The viral family Mimiviridae is currently divided into three genera, with the genus Mimivirus being divided into three lineages: A (which includes Acanthamoeba polyphaga mimivirus, Samba virus, Hirudovirus, and Terra2), B (which includes Moumouvirus), andC (which includes megaviruses such as Courdo7, Courdo 11, Courdo 5, LBA111, Megavirus chilensis, and Terra1). The majority of Mimiviridae appears to be from the genus Mimivirus. The second subfamily is Cafeteriavirus and includes the type species Cafeteria roenbergensis virus BV-PW1. The Klosneuvirinae have been proposed as a third genus and are divided into four lineages: Klosneuvirus, Indivirus, Catovirus, and Hokovirus. These lineages were discovered through analysis of low-complexity metagenomes from a wastewater treatment plant and apparently have all 20 AARS (aminoacyl-tRNA synthetase) normally present in living beings. Because they have some unique characteristics, it has been proposed that they should be classified as a new subfamily (provisionally denoted as Klosneuvirinae) in the family Mimiviridae (Schulz et al., 2017).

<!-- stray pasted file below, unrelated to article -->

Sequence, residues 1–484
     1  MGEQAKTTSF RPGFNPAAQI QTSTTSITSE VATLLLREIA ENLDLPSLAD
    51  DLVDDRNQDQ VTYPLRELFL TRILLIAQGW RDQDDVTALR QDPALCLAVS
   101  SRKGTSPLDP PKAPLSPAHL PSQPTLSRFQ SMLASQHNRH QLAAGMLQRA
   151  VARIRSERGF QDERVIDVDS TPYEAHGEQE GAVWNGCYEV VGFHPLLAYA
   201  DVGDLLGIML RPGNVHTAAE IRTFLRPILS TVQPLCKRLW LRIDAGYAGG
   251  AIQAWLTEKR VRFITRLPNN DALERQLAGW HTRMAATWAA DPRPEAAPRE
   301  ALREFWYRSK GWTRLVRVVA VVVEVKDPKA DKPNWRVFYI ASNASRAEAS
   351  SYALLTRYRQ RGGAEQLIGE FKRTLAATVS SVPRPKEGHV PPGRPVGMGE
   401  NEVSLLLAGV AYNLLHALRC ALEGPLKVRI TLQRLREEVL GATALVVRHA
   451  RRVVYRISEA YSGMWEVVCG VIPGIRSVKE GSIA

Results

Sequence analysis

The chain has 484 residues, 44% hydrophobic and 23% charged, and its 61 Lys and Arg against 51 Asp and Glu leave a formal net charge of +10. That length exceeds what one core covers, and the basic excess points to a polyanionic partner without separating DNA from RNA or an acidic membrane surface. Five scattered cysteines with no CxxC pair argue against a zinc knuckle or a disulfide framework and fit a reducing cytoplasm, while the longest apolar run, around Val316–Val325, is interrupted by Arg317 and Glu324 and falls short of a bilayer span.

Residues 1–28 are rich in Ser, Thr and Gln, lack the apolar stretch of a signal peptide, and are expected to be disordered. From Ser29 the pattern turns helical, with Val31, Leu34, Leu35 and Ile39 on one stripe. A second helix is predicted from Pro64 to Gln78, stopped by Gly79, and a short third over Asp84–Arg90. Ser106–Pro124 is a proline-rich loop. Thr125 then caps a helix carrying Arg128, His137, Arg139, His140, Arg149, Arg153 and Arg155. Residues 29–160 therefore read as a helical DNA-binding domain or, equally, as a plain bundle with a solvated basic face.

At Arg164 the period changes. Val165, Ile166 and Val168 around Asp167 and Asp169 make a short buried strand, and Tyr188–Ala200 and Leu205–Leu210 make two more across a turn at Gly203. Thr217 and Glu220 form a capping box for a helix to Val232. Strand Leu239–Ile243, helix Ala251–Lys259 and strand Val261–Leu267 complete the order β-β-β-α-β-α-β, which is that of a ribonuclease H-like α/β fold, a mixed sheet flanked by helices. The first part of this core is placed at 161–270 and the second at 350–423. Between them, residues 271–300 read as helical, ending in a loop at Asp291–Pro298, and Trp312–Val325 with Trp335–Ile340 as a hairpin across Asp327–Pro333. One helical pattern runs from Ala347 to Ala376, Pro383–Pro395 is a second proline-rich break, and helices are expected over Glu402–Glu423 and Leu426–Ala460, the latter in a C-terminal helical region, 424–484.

These organisms show unique features that place themselves at the edge of the cellular and the viral world (Raoult et al., 2004). Besides that, they do not go through many modifications on their genomes (Filée, 2015). Thus, it is most likely to find great levels of gene and protein preservation in their members and, as such, this makes developing concise phylogenies for this group very viable. Currently, there are two discussion fronts regarding the evolution of mimiviruses: one states that Mimivirus and other nucleocytoplasmic large DNA viruses (NCLDV) acquired their giant genome, as well as their genes that are similar to those of cells, due to multiple events of horizontal gene transfer (HGT) (Moreira and Brochier-Armanet, 2008; Williams et al., 2011), as viruses are already known to take part in such processes. The other hypothesis states that these giant viruses are originated from ancient cellular organisms that went through genome reduction and acquired a viral lifestyle, placing these viruses in a new branch of the tree of life. This idea is supported by genes that are similar to those found in the other three domains of life (Nasir et al., 2012).